Falling Down (DVD)

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Falling Down (DVD)

A laid-off defense worker, kept from seeing his child on her birthday by a restraining order, looks at the landscape of moral decay in Los Angeles on ...

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Review of "Falling Down (DVD)"

published 27/09/2016 | Jarisleif
Member since : 11/02/2012
Reviews : 443
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Ciao gone the same way as DooYoo. Time to depart, methinks.
Excellent
Pro Great story, excellent acting
Cons Very few
exceptional
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Story
Characters / Performances
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Soundtrack

"D-Fens is Falling Down"

D-Fens is on the warpath.

D-Fens is on the warpath.

Falling Down (1993)


Directed by: Joel Schumacher

Writing Credits: Ebbe Roe Smith

Produced by: Timothy Harris, Arnold Kopelson, Herschel Weingrod

Genre: Crime | Drama | Thriller

Length: 113 minutes

Certificate: 18

IMDb Rating: 7.6

Starring: Michael Douglas, Robert Duvall, Barbara Hershey


The film begins with a close-up of a man's face. It becomes apparent that it is a face that Catherine Zeta-Jones has seen on numerous occasions, but not until six years after this film was released. It is, of course, Michael Douglas, who is playing the part of William "D-Fens" Foster, and he seems a little disinterested, as we all are when we wake up in a morning to have to go to work. Foster is sat in his car in what appears to be a huge rush hour traffic jam. The camera pans over other unfortunate people. One child is staring out of the back of a window, a woman is applying the finishing touches to her lipstick, while kids on a school bus are being unruly. And yet William still sits there, waiting. His air conditioning in his car is not working right, which is even worse in the extreme heat. He tries to wind down his window, but the lever breaks. And all the while, the kids are still messing around on the bus. And a fly is attacking William. We've all been there, with a fly in the car. What can you do about it but get out of your car and start walking. This is exactly what D-Fens does. "What do you think you're doing?" asks the motorist behind him. "Going home", Foster replies. And there we have the start of what was a bad day in William Foster's life. A day in which he probably wished would never have happened.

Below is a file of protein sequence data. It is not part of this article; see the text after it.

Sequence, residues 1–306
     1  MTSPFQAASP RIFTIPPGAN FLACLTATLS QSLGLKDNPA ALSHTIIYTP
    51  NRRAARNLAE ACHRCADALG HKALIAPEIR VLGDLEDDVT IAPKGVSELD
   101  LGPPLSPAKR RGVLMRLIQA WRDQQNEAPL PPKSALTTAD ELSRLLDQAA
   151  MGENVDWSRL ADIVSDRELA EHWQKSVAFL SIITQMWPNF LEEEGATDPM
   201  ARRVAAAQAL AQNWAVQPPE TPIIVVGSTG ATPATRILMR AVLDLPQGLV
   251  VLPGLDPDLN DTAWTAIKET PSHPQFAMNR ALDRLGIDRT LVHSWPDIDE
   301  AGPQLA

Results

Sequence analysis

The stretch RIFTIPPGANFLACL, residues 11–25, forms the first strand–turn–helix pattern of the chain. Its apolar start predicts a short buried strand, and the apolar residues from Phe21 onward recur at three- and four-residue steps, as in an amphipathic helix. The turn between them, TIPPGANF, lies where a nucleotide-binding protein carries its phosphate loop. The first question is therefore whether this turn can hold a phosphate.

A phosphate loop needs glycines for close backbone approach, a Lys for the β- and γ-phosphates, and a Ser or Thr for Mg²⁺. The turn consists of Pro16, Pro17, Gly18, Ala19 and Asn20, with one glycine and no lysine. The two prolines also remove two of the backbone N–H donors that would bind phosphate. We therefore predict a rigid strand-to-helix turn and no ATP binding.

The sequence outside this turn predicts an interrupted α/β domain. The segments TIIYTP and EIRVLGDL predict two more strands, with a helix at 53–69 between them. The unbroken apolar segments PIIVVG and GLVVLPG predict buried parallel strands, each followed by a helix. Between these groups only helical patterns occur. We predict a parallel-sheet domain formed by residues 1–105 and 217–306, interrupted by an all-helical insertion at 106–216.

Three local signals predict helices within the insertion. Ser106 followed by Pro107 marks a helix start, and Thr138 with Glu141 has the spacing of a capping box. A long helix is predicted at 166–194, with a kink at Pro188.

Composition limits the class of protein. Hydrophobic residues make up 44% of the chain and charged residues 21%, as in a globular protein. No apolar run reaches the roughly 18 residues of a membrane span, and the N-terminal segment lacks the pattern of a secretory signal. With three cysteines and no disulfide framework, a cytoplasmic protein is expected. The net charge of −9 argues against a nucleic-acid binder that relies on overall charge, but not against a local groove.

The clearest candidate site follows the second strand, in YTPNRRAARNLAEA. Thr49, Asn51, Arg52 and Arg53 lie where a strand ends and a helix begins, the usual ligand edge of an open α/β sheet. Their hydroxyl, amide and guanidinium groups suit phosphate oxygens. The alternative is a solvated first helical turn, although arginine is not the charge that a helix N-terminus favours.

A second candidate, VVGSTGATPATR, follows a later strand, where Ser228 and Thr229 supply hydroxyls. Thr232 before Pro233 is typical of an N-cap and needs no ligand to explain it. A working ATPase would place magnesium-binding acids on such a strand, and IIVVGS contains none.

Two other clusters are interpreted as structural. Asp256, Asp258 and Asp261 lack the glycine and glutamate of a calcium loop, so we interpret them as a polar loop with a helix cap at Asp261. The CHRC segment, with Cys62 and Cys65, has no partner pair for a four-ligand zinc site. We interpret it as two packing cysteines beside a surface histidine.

You think I'm a thief? Oh, you see, I'm not the thief.

Have you ever had one of those days where nothing, no matter what you do, goes right? By now you're all probably remembering that day (or days) and cursing your luck at that time. Maybe you're superstitious and kicked a black cat while walking under a ladder with your umbrella open indoors, or maybe you don't really believe in anything like that and just put it down to bad luck, like I would. I've been there, I can safely say I've had numerous days which I thought would never end, but I'm still here, and I got through them. William Foster, however, could not shake that stigma of his bad day, which just got worse and spiraled more and more out of control as it went on. I felt sorry for him in a way, and although I've never been a huge fan of Michael Douglas, I thought his performance here was masterful. With the exception of "The War of the Roses" (1989) and "Wall Street" (1987), I haven't really liked him in anything else. I also have to wonder just how he was not at least nominated for an Academy Award for his portrayal as Foster, but then the Academy has never done things completely right. Surely he was better than Laurence Fishburne as Ike Turner in "What's Love Got to Do With It" or Anthony Hopkins' performance in "The Remains of the Day" as James Stevens to gain a nomination, even though the eventual winner was Tom Hanks in "Philadelphia" as Andrew Beckett. Not to mention my choice would most certainly have been Liam Neeson as Oskar Schindler in "Schindler's List", but that's a different story entirely, and one that is entirely subject to personal opinion. For the record, Michael Douglas says that this was his best performance of all the films he's had parts in, and I have to agree.

Listen fellows, I've had a really rare morning

The film is not all about William Foster, though. Sergeant Martin Prendergast (Robert Duvall) is seeing out his final day as a police officer in the relative comfort of his office chair in the police department. Prendergast has seen it all before. He's witnessed shootings, investigated stabbings, and got through his fair share of murders in his time as a cop. He is one of those good guy cops – yes there are a few of them out there – and a man that is deeply loyal to his job, probably more than he is to his own wife, and he knows he couldn't live without her. Duvall played the role with great conviction, and I got the feeling that he believed in the character. So often in film you get actors playing parts just for the money, but I didn't see that with Duvall and Prendergast. Alternately, I saw an actor actually enjoying the part he was paid to do. Duvall became the character, instead of letting the character overwhelm him, and though I am no actor I do see how difficult that may be to achieve. If their lives hadn't crossed in these circumstances, I could see Prendergast and Foster becoming good friends had they met in a bar or at a game. They seemed to have some similar traits, and they both appeared to be laid back. So yeah, I could definitely imagine them drinking beers and enjoying a cookout on a summer's night. Of course, that would not make for good TV, and it was inevitable that these two had to square off against each other. Maybe some Hollywood bigshot will reboot the film, and make this happen. After all, everything is being remade, re-imagined or rebooted.